Nooyi — on a conference call with analysts after the maker of Pepsi-Cola and other sodas and Tropicana juices reported a better-than-expected quarterly profit – said she has met with convenience store CEOs who told her the weak U.S. housing market has resulted in fewer construction workers stopping by for sports drinks and other snacks on their way to the job.
Retail experts don’t expect this back-to-school season to be anything to write home about, as consumers continue to pare back expenses.
But a recent survey cited fewer people cutting back on back-to-school items than last year – 64 percent compared with 71 percent.
“It’s going to be bad but it’s not going to be as bad,” said Stacy Janiak, vice chairman and U.S. retail leader for Deloitte LLP, which conducted the survey, speaking of spending during the season.
She pointed to data showing that 1 in 7 consumers — 14 percent — believe the economy is starting to recover.
“It was only 14 percent but it was 2 percent last year,” she said. “It’s not a lot for anyone to get optimistic about, by any stretch, but it’s a ray (of hope).”
“People have a sense that we’ve been through the worst of it,” Janiak said, noting that people seem to believe another big drop in the economy unlikely.
Still, the gloom this year is driven more by a desire to save, as well as worries over job losses.
“Last year what was driving people’s concern was these things that would eat into their wallet — higher gas and higher food prices, energy costs,” said Janiak. “This year it’s about what’s in the wallet to begin with — the loss of a job, or fear of that, or intensity on savings to keep what’s in your wallet.”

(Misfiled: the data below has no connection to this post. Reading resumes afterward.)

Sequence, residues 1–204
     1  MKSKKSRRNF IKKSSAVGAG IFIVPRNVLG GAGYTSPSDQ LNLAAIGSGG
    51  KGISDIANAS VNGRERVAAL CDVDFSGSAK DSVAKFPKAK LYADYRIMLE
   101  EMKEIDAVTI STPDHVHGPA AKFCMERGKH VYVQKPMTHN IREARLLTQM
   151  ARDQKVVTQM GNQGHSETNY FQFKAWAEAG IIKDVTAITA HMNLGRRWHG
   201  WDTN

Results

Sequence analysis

Some 22 percent of survey respondents cited “loss of job in household” for their frugality, compared with 12 percent last year, and 17 percent cited “fear of loss of job” compared with 9 percent a year earlier.
In June, Deloitte found that the pace of decline in consumer spending appeared to be abating. Its consumer spending index, which tries to track consumer cash flow to point to future consumer spending, rose in June after falling four consecutive months.
The U.S. jobless rate hit 9.5 percent last month, the highest in 26 years, and many economists expect it to hit 10 percent this year.
Last week, the National Retail Federation predicted the average U.S. family with kids in school through 12 grade would spend 7.7 percent less than last year, but college students and their families would spend 3 percent more. Nevertheless, overall college spending is expected to decline 4 percent to $30.08 billion due to fewer people planning on attending college this fall.
Check out June same-store sales at drugstore chains.
Walgreen Co and Rite Aid both reported sales at stores open at least a year, pointing to shoppers filling more prescriptions but buying less discretionary summer merchandise. Walgreen said same-store sales in June rose 3.4 percent, while smaller rival Rite Aid saw sales slip 0.6 percent.
Economists and analysts had previously pointed to signs the recession may be nearing an end, but the news is still mixed as the number of jobs cut in June was higher than expected and the unemployment rate rose to 9.5 percent.
Ahead of the recession, dollar stores thought it would be a good idea to try to lure shoppers into their stores more frequently by stocking an increased selection of food. Many of them began installing refrigerated coolers in their stores so they could sell things like eggs, milk and dairy.